President Miki: That’s right. Some owners who live in Tokyo, who can come and go at any time, prefer to communicate in person rather than through digital tools (e.g., online conferencing systems).
Forcing a digital tool to completely ignore such a situation will lead to a world of self-indulgence. We believe it is important to create a digital flow while considering individual thoughts and feelings. Digitization is clearly going to be the thick trend of the future. Nevertheless, whether it’s an owner or a management company like ours, there are individual differences in awareness of digitalization. Rather than pushing digitization all at once, it is expected that the industry itself will shift to a phase in which technology will be adopted while increasing owner satisfaction and pursuing the benefits of each stakeholder, such as owners, management companies, and system vendors.

Balancing business retention and growth

-I would be very interested to hear about your company’s prospects for the future. Could you tell us about the challenges and goals that Tokyu Housing Lease has in mind?

President Miki: There are three things for a company to do: the first is to increase the job satisfaction of its employees. I would like to create an environment, human relationships, and work that makes each person happy in this company. The second is the promotion of digitalization.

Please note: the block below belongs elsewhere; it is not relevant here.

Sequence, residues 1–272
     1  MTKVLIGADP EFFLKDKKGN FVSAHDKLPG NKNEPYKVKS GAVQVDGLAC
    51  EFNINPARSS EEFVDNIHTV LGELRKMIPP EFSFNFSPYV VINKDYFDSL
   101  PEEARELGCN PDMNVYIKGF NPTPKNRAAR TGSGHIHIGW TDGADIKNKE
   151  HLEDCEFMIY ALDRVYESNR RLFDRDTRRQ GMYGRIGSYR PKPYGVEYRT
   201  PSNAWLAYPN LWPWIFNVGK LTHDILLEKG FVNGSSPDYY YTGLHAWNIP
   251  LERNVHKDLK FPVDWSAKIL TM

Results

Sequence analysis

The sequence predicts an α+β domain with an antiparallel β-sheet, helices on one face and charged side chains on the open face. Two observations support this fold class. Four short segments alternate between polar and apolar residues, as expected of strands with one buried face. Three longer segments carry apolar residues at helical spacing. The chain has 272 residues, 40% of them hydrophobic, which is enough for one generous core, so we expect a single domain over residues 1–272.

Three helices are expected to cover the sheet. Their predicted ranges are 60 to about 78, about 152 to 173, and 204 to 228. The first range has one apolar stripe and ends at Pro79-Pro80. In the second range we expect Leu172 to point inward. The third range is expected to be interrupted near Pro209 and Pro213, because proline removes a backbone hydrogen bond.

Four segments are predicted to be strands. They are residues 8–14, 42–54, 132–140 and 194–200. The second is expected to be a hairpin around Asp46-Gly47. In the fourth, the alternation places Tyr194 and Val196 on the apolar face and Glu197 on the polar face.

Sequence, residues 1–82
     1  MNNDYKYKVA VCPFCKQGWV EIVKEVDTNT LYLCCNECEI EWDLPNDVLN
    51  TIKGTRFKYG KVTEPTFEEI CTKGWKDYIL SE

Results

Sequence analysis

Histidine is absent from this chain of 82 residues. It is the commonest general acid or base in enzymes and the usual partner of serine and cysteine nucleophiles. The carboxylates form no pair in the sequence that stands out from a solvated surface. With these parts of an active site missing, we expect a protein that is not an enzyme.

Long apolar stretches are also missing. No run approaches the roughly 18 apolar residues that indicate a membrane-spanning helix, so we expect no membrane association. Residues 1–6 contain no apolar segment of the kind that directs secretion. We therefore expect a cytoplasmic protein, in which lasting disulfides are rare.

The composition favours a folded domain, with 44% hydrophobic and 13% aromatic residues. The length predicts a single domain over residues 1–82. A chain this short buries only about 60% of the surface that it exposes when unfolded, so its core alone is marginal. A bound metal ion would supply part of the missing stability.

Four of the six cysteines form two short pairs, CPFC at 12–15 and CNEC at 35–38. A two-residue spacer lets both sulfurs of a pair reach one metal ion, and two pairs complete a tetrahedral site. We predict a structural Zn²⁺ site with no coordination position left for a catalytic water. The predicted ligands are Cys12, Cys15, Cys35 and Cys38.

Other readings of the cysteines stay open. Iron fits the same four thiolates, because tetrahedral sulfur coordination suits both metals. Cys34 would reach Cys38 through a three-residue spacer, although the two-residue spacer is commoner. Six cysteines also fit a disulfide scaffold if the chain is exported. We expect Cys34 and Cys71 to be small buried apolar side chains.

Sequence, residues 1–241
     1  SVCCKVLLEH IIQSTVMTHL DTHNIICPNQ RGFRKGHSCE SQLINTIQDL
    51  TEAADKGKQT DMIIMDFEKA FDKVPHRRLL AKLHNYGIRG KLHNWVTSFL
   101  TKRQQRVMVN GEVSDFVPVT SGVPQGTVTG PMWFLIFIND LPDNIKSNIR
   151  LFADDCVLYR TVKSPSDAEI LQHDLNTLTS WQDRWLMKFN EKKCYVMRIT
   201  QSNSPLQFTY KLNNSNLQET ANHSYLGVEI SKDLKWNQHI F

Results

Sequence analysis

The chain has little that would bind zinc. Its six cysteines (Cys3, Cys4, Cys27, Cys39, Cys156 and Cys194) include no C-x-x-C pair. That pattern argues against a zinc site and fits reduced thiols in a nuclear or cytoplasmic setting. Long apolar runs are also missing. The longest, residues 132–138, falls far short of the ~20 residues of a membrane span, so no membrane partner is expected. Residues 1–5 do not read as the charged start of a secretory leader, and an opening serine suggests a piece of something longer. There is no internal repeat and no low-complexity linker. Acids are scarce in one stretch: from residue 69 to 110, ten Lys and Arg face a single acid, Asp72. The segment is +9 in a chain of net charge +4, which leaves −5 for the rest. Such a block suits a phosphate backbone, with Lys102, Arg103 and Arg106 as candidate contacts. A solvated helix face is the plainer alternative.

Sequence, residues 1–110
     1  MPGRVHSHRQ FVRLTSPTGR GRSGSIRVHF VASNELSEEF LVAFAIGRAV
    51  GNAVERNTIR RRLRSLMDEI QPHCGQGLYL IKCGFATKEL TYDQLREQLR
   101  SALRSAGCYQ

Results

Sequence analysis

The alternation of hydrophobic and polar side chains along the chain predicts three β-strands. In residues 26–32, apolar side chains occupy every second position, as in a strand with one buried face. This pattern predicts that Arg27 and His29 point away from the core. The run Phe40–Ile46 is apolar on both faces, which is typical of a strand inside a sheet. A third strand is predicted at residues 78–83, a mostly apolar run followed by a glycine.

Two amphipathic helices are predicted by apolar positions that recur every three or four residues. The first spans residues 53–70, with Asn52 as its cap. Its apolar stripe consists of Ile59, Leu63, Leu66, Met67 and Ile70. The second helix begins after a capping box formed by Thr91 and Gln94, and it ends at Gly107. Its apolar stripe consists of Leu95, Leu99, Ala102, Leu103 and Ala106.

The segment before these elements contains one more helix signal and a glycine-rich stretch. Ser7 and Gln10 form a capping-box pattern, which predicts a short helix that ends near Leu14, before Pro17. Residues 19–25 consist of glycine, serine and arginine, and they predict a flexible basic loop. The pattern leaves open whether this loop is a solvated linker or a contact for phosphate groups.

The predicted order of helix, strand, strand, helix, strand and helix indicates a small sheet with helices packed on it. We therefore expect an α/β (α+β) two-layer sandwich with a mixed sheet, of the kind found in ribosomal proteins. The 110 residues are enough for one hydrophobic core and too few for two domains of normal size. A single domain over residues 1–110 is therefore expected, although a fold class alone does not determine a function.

Through digitalization, we aim to increase efficiency and enhance our reputation in response to customer expectations. For our employees, we want to achieve digitalization on a large scale faster than anywhere else, and we want to increase pay, which is one of our key motivations, by achieving results. The third is to enhance the competitiveness of the business in a specific way to promote the business. We would like to further establish ourselves so that customers of all types can choose us.

– I understand that you aim to grow the business from three perspectives. Because of the nature of the rental management business, which is based on continuity and maintenance, there may be a difficulty in balancing the need to seek growth while maintaining a steady foundation for the business?